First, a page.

8 Tips For a Blazing-Fast Blog

No one actually likes waiting. Some of us are just better at it than others.

The internet seems to be a parallel reality where time passes differently, slow at times, fast at others. Web pages seem to take eons to load, no matter how fast your internet connection is. I remember having to wait more than a minute for most pages to load (that was back when I had dial-up). Nowadays I have a DSL connection that generally runs in the 700k-900k range. It’s a lot faster, but not fast enough. Sure, some pages load lightning-fast, but others still seem to crawl along. While they’re not taking over a minute to load, it sure seems like it.

While you’re using the web, time flies by overly quick. It seemed like it was taking an hour for that video to load, but it was really only five minutes. So why is it four o’clock? Oh yeah, you logged-on to World of Warcraft for a few minutes… But how does that come-out to be an hour?

Do you get what I’m saying?

So what can you do to make your blog load faster?

  • Install WP Super Cache. You’ll notice the difference immediately. While it won’t magically make every page load faster, it will make your more popular posts quicker.
  • Pick a Faster Host. If your webhost has a slow connection, and horribly oversold servers, you can’t expect great performance out of your site. I’m currently getting by with a 1and1 shared server plan, which is okay (and cheap), but not as fast as it could be. Michael of Pro Blog Design uses Media Temple, a pricier host that is held in high regard by bloggers everywhere. MT is known for their speed and reliability. For those looking for cheaper plans, I’ve also heard hood things about A Small Orange. Do your research before buying hosting. Check loading times for sites that use the host, look for current reviews (from reputable sources), etc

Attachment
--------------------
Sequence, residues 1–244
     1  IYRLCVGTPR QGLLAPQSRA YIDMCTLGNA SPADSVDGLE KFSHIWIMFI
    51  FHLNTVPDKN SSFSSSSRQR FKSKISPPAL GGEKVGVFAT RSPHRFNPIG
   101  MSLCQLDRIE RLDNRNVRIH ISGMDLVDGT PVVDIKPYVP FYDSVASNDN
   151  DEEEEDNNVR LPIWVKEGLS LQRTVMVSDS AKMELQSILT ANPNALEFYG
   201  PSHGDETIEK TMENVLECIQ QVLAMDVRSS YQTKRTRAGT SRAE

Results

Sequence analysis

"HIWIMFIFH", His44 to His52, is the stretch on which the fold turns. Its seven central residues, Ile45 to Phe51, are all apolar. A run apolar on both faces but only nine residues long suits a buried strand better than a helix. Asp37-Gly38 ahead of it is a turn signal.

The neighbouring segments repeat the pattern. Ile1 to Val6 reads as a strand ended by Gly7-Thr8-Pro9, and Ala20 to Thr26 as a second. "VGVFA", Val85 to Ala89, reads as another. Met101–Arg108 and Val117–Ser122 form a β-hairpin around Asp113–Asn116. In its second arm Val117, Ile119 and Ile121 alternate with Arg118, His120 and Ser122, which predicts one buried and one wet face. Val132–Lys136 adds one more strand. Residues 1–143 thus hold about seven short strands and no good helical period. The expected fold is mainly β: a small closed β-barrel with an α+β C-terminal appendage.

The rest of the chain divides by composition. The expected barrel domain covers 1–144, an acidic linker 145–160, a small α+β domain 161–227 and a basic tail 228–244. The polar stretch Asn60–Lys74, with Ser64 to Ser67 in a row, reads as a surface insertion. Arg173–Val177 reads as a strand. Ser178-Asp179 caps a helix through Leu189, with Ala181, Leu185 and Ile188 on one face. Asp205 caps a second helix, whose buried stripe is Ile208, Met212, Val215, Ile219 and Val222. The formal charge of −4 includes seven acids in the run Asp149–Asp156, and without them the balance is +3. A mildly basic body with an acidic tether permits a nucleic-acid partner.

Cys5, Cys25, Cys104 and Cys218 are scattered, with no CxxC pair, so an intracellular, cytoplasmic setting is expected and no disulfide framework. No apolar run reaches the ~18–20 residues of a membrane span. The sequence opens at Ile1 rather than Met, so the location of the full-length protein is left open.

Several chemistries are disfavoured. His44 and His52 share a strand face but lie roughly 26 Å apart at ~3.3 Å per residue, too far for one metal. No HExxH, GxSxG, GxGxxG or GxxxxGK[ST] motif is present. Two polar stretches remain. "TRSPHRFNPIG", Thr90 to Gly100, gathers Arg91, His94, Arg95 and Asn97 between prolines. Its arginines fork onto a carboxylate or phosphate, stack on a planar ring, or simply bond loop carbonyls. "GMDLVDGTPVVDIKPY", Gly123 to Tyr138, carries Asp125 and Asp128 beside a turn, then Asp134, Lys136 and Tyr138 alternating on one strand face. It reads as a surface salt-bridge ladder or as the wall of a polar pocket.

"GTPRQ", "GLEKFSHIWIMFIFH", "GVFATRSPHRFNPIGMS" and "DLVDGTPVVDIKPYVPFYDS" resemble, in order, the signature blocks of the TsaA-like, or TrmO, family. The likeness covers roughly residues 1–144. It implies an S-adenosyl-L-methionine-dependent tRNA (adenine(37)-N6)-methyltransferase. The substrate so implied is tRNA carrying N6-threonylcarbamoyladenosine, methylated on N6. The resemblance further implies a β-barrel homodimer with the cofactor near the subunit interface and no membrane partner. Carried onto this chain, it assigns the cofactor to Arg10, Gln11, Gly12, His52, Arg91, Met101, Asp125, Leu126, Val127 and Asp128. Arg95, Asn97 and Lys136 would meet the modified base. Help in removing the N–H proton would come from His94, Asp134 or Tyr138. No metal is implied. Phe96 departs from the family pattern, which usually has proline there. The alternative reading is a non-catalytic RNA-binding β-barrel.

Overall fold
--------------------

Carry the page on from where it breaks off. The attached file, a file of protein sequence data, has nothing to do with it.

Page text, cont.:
• Lighten your images. Use less images in your template if possible, and make sure you optimize them correctly.
  • Compress your CSS. Use a CSS-optimization service like Clean CSS, or CSS Optimizer. Make sure you save the original stylesheet, in case something goes wrong!
  • Remove excess widgets and whatnot. Any extra files (JavaScript or otherwise) that must be loaded will cause a performance hit. If a bit of JavaScript doesn’t serve any purpose, then remove it. does “MyBlogLog” benefit your readers? I doubt it. Refer to this chart for help deciding what to keep.
  • Disable plugins. As with miscellaneous bits of JavaScript, plugins detract from performance as well. There’s the overhead from running the PHP commands, there’s MySQL access times, etc. If you don’t have a good reason to use it, then toss it.
  • Kill unnecessary template tags. Don’t waste server resources by using bloginfo(‘name’) when you can just write the name of your blog. See Pro Blog Design’s 13 Tags to Delete From your Theme.
  • Simplify your design. Go simplistic, and your blog will load faster. As of this writing, Webmaster-Source’s overall design only has two images. The logo, and the tiled edge graphic. Everything else is just CSS magic. The aforementioned ProBlogDesign.com takes a similar approach.

Now that you’ve optimized your blog, you can use the time you will save waiting for your blog to load every day to play World of Warcraft, er, write more blog posts.

  • http://www.ruelicke.net/ Marco Ruelicke.net

    I’m not a friend of compressed CSS files, because it can happen that the browser is not able to read/use the CSS if the compression is too high.

    I know at least one website which uses compressed CSS and which I can’t access with Firefox because of the CSS. Unsurprisingly I’m able to access that one with Internet Exploder, so you can guess how often I visit the website (once a year if at all…)